Working in the animal-rescue business can be quite fun: Think cuddling with kittens and playing catch with rambunctious canines. But it also can mean cleaning out pet carriers and giving water to sick dogs late on a Saturday night at a truck stop. Just ask staff members of the Prince William Humane Society.

The nonprofit group, launched in 2012, opened its first adoption center earlier this year, and its workers made that trek to the truck stop last month to take in dogs and cats displaced by Hurricane Irma. The efforts were part of fulfilling the organization's combined mission of increasing adoption rates of homeless pets and reducing animal euthanasia in the county.

The Irma pets had been in shelters in Florida, and the Prince William group took custody of them as part of an arrangement with the Kanab, Utah-based Best Friends Animal Society, said Humane Society President Lori Leary. The Prince William contingent left the county at 6 p.m. Sept. 9 and headed to the truck stop in the Richmond area to meet animal rescuers who were bringing dogs and cats north.

The Humane Society group picked up 30 dogs and 16 cats and headed back to Prince William. They agreed to house all the cats and 10 of the dogs for adoption, and to bring the remaining 20 dogs to the county government-run animal shelter in Bristow.

It was a whirlwind tour — by the time the Humane Society workers left the shelter, it was 3:30 a.m. — but the impact seemed clear the next day, as prospective adopters clamored to find out about the Irma pets.

"We were closed that day, but we had people knocking on the door," Leary said.

Since then, the Irma animals have been getting adopted, and the Humane Society has been getting back to more usual tasks. Mainly, the organization partners with the county shelter to reduce overpopulation there and prevent euthanasia when possible.

The Humane Society adopts animals from the shelter, paying the required fee just as an individual would, and then brings them to the group's own adoption shop in Dumfries. That operation can house about 11 dogs and 18 cats and is a place where potential pet owners can interact with the available animals.

The organization has a paid staff of three, as well as 35 to 40 volunteers, and is funded by donations. In addition to adoption services for the general public, it runs programs for military families, wounded veterans and the elderly.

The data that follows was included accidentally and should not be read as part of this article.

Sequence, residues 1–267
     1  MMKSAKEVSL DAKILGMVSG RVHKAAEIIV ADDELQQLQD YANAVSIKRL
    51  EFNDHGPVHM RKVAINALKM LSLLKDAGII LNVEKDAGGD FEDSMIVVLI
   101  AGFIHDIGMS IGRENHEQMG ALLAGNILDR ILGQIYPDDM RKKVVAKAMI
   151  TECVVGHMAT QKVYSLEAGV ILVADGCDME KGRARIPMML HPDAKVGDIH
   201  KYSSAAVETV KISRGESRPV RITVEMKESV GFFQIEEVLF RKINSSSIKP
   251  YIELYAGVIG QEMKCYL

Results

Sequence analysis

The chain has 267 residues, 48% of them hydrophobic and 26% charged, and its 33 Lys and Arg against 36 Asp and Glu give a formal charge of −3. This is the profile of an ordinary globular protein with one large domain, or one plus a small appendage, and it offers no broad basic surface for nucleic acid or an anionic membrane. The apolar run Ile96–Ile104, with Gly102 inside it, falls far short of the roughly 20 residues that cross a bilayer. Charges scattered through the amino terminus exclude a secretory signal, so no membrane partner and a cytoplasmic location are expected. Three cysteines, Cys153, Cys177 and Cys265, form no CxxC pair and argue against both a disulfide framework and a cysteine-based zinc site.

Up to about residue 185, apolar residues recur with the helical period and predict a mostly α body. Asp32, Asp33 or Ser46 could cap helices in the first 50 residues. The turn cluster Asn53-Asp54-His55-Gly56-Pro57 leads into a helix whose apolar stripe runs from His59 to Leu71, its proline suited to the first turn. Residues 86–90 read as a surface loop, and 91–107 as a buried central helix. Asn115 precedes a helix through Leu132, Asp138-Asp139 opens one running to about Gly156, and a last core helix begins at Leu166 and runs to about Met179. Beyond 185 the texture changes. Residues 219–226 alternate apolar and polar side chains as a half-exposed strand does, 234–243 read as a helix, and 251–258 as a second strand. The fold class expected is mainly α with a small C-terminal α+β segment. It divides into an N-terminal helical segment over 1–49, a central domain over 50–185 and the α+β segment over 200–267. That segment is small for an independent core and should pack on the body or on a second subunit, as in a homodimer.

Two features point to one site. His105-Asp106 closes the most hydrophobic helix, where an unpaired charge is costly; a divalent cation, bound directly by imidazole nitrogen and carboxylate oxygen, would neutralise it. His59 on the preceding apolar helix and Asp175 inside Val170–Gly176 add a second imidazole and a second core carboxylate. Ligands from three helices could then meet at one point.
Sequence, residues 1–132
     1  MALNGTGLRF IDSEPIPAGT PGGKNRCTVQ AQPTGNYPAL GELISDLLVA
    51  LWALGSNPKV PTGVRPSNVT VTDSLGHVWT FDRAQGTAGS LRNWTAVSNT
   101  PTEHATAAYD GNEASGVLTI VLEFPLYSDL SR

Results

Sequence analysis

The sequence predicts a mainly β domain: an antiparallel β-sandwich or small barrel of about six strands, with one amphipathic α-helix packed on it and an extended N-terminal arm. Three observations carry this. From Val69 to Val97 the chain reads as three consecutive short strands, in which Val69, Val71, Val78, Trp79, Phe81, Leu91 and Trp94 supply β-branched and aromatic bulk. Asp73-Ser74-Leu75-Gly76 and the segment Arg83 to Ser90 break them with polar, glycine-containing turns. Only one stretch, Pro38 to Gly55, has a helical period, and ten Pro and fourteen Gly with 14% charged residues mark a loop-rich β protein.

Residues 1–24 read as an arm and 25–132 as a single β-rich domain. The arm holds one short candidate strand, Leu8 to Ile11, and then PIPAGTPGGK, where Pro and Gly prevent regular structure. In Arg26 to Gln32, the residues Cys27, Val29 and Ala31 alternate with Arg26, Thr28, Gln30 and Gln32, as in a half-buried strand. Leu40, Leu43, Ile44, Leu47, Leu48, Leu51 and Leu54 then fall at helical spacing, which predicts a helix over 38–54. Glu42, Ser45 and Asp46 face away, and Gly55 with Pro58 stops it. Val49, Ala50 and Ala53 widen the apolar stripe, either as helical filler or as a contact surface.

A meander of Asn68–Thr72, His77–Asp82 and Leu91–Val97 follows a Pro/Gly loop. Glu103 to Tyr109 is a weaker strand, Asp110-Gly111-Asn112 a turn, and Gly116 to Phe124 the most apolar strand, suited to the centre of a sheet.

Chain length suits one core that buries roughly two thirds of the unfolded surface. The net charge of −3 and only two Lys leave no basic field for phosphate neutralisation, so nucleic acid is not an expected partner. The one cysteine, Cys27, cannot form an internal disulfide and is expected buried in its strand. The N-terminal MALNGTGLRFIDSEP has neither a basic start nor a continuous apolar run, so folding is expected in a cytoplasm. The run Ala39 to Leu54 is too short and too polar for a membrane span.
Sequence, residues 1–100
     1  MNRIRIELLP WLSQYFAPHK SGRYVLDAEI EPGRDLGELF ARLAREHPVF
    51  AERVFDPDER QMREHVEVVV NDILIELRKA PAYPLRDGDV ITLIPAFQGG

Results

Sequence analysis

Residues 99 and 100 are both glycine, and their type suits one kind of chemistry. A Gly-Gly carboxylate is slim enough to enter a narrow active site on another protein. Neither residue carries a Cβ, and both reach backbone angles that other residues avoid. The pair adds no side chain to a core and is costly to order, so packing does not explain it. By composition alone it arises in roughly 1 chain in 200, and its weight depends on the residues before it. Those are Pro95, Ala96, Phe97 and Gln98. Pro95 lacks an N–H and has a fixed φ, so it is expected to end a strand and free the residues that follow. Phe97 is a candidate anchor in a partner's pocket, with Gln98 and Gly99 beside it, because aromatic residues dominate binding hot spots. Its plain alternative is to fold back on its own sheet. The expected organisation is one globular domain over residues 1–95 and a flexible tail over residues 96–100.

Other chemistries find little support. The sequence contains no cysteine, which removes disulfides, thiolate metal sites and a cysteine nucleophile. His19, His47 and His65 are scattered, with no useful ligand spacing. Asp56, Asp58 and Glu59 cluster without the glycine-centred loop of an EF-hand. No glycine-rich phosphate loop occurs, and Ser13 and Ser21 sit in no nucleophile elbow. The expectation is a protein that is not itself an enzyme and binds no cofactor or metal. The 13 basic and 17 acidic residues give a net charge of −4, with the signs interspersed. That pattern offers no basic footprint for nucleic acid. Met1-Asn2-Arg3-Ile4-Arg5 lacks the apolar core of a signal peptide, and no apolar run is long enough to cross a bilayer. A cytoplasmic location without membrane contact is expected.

It's work Leary describes in serious terms.

"You're saving lives," she said. "These animals are innocent. They're lost or they're discarded or they're given up on. They have nowhere to go."

And it's work that benefits the public, Prince William police Maj. Dawn Harman said.

The Board of County Supervisors recently approved the construction of a new $14.1 million animal shelter, but the current shelter has been overcrowded for years, said Harman, whose duties include overseeing the facility.

When there's overcrowding, it means diseases can spread among the animals. But by helping to reduce the shelter population, the Humane Society helps prevent that. And that, in turn, minimizes future health-care costs — and costs to taxpayers — at the government-run operation, Harman said.

The animals the Humane Society gets from the shelter don't end up staying in Dumfries for long, either, she said, because the organization has been successful in finding homes for the pets.

The first adoption at the Humane Society's shop was made in May by 29-year-old Katie Cooper, whose family lives on a horse farm in Orange County, west of Fredericksburg.

Cooper found Taco, a Chihuahua-like one she grew up with, online and was smitten right away.

"I fell in love with her eyes," she said.

What Cooper didn't notice at first, though, was that Taco has only three legs.

Taco arrived at the county shelter with a severe spiral fracture, according to the Humane Society's website. She lost one leg, but emergency medical procedures the organization paid for — that's another program it runs — restored her to health otherwise.

Now, the petite 9-year-old spends her days in a rural setting with horses, goats, chickens and cats, Cooper said, and spends her nights sleeping alongside Cooper's 7-year-old son, Austin.